Remember the Lark
This poem and accompanying information about the skylark was written by RDC Open Spaces Supervisor, Richard Bond.
Thank you Richard, for allowing us to reproduce your poem here.
During the First World War this plucky little bird
remained on the battle field. In soldiers letters home from the front, they describe how, in the brief rest from shelling and gun fire the little Lark would ascend, his song bringing a moment of tranquility to both sides of the Trench.
Sadly this little bird is in decline; between 1972 and 1996 saw the loss of 75% of the UK breeding population. Changes to farming practices have seen a lack of suitable nesting habitat, allowing the birds only a small chance of raising a successful brood of chicks. Some farms are now creating suitable habitats by leaving unseeded areas of 5-10 m around the centre of arable fields. Preferring short vegetation and areas of grasses in which it can forage for food the Skylark finds refuge in the quieter areas of our country parks. Many of the districts open spaces provide this habitat and enable the Birds to have a better chance of successful breeding.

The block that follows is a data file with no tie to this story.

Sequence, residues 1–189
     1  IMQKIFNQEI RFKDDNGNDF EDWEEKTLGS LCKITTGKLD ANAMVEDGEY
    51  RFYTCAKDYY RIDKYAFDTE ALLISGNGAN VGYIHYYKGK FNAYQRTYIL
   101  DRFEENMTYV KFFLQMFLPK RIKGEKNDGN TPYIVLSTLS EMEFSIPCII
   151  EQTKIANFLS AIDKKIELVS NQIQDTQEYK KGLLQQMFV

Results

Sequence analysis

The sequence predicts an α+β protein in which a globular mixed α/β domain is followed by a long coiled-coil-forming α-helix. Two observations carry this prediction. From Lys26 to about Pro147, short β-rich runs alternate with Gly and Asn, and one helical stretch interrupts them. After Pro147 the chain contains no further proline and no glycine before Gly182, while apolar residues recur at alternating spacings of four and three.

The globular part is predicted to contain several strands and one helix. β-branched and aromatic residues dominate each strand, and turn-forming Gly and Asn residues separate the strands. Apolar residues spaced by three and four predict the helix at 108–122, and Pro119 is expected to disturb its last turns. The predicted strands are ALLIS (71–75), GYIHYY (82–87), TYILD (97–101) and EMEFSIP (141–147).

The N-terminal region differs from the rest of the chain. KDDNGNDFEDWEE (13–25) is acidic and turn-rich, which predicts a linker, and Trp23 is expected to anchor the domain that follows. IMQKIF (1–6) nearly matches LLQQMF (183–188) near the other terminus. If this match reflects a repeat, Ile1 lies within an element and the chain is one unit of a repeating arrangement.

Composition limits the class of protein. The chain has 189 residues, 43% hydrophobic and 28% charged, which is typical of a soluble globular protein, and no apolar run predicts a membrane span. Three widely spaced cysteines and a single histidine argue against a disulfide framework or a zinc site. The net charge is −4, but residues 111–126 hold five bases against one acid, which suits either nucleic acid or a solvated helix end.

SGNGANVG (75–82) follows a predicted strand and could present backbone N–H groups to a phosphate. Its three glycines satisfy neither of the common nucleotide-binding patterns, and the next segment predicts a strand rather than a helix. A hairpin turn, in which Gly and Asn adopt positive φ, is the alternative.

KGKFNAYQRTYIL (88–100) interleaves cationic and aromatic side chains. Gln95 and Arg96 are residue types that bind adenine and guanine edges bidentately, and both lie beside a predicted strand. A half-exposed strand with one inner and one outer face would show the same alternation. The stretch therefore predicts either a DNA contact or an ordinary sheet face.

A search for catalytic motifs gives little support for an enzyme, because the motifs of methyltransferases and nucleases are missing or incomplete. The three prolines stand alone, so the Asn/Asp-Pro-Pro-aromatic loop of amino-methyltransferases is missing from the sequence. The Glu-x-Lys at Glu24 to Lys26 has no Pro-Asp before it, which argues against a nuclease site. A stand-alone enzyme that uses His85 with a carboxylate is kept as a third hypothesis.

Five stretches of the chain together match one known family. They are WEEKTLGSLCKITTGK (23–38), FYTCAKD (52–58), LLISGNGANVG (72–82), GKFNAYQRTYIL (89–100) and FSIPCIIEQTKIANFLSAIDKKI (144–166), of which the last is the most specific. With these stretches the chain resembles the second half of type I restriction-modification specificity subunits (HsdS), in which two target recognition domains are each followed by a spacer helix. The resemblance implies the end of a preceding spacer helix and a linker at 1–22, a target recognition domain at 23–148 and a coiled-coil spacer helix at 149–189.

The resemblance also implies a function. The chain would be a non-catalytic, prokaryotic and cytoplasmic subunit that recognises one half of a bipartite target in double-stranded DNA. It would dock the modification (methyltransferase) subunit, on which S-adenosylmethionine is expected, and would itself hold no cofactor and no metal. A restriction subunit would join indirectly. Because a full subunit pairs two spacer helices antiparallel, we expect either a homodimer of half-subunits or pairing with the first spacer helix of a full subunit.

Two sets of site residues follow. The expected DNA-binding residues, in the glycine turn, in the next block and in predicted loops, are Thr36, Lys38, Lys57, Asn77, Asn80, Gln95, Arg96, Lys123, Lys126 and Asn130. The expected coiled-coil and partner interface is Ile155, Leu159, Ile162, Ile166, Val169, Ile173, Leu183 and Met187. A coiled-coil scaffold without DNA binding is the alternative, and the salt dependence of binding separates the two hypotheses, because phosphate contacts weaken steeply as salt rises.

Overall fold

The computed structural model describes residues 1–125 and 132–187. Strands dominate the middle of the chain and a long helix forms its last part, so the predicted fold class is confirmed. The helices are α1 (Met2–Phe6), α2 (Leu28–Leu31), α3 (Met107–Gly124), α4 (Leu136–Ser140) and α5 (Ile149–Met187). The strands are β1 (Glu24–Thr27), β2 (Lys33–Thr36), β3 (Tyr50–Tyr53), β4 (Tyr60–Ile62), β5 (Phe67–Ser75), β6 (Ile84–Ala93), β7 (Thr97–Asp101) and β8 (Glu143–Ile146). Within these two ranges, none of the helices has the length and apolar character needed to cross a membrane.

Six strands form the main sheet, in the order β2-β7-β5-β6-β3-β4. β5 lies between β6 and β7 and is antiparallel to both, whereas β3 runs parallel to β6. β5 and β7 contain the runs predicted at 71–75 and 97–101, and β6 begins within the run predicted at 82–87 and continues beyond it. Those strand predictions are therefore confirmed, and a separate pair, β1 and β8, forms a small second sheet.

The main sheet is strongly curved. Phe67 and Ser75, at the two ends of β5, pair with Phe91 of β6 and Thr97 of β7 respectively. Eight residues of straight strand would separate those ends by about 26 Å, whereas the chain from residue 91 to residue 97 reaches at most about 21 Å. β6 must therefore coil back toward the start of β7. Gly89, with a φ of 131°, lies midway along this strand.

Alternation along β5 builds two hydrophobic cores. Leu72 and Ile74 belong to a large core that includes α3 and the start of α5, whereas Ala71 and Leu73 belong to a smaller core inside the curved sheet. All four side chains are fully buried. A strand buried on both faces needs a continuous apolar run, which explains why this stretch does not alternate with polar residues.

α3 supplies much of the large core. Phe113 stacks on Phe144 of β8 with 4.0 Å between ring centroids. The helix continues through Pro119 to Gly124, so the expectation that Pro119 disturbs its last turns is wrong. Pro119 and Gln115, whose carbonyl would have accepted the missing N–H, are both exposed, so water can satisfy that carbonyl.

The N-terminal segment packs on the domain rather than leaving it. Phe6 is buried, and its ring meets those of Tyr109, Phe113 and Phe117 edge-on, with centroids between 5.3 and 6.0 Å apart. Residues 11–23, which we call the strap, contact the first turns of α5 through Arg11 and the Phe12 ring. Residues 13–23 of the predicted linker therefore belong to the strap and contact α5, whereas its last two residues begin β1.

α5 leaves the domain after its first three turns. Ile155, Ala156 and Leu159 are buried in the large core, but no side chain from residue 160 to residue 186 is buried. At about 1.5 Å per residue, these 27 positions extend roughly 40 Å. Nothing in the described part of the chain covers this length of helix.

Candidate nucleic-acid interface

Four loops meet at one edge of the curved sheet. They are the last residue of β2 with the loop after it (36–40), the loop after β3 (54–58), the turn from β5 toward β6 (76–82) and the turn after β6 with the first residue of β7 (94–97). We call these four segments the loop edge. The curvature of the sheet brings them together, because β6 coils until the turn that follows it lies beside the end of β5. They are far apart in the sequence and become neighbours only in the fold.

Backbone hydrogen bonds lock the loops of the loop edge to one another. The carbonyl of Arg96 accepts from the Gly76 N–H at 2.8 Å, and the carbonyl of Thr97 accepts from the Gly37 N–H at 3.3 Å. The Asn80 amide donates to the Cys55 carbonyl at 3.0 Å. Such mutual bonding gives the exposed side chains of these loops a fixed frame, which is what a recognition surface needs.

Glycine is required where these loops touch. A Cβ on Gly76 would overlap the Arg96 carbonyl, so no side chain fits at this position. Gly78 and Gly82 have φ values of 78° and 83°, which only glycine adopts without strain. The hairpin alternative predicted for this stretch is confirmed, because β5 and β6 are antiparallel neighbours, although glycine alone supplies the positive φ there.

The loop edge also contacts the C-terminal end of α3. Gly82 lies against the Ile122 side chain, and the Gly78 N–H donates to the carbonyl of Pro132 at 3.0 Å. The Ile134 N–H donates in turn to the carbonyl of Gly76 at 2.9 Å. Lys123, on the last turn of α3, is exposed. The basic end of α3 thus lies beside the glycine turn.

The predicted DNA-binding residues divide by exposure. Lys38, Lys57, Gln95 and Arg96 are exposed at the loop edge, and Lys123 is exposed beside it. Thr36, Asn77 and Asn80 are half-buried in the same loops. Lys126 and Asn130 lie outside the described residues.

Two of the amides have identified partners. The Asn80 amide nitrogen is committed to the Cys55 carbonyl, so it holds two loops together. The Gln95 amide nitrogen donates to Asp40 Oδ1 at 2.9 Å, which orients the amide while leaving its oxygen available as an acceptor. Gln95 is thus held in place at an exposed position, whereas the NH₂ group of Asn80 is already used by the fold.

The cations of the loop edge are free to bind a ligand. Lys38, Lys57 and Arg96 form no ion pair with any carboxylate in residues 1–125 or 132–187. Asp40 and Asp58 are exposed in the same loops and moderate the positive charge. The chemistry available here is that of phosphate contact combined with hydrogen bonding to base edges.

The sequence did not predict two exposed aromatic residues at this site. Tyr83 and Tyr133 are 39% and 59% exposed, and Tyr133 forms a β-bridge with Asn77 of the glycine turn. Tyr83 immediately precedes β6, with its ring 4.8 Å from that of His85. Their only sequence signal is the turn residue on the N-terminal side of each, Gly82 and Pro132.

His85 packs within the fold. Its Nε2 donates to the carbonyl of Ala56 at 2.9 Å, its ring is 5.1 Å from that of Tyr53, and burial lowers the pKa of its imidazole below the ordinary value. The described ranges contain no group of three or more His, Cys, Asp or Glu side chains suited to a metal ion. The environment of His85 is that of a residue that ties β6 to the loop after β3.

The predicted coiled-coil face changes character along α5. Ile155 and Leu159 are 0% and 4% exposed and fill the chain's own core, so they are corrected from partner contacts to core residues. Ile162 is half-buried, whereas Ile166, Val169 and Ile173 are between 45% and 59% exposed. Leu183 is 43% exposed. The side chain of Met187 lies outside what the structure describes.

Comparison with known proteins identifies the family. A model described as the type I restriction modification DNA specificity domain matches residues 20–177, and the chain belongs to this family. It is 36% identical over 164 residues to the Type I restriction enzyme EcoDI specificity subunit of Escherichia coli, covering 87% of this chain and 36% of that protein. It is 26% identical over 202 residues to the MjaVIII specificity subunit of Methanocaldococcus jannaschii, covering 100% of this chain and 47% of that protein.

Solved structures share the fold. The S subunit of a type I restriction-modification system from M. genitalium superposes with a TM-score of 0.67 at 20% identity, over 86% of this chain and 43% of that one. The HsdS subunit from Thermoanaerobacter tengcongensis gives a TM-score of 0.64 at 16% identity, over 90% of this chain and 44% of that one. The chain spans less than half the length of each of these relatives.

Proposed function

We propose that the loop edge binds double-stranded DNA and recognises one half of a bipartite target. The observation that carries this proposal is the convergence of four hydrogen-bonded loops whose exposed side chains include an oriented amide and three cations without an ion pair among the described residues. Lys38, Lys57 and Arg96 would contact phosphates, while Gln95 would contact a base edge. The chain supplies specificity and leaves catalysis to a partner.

Male birds can climb as high as 100m above the fields, singing initially to attract a mate, then after to defend his territory. The song will last for a few minutes but later in the season this can exceed 20 minutes!
Being a ground nesting bird both male and female will sing to attract attention away from the nest, running along the ground first before taking flight singing defiantly when predators approach. A good mimic, the Skylark will often include within its own song the calls of other birds that share the local area. Three to six eggs are laid in June a second or third brood may be started later in the year. The eggs are coloured yellow/white with brownish/purple spots at the larger end. So when you’re out in summer, take a moment, lie back, look up, enjoy the Lark’s sweet summer song… and remember.
Appropriately one of the best places to hear skylarks in the park is in the Wild Flower Meadow close to the WW1 memorial trees and in the adjacent fields. Be Aware — in spring and early summer there may be nests on the ground, please keep to the well used tracks that run across the meadows…. and listen!